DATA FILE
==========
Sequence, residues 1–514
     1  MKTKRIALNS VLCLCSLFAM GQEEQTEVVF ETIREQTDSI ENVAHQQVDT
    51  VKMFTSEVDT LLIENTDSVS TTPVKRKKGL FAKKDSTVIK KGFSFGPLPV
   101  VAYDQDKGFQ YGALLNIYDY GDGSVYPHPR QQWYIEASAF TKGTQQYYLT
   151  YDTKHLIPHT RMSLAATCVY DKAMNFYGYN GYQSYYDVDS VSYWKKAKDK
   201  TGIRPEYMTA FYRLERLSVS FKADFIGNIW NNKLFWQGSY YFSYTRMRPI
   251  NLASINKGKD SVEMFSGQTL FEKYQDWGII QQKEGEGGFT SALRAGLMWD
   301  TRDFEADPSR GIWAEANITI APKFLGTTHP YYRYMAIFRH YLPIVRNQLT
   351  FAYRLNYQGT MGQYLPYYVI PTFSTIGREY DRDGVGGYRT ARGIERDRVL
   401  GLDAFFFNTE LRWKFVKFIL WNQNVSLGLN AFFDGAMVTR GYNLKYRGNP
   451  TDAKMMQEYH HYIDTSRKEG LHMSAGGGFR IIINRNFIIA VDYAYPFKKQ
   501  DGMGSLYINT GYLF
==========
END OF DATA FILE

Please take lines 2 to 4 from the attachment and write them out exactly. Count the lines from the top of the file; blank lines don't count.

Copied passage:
     1  MKTKRIALNS VLCLCSLFAM GQEEQTEVVF ETIREQTDSI ENVAHQQVDT
    51  VKMFTSEVDT LLIENTDSVS TTPVKRKKGL FAKKDSTVIK KGFSFGPLPV
   101  VAYDQDKGFQ YGALLNIYDY GDGSVYPHPR QQWYIEASAF TKGTQQYYLT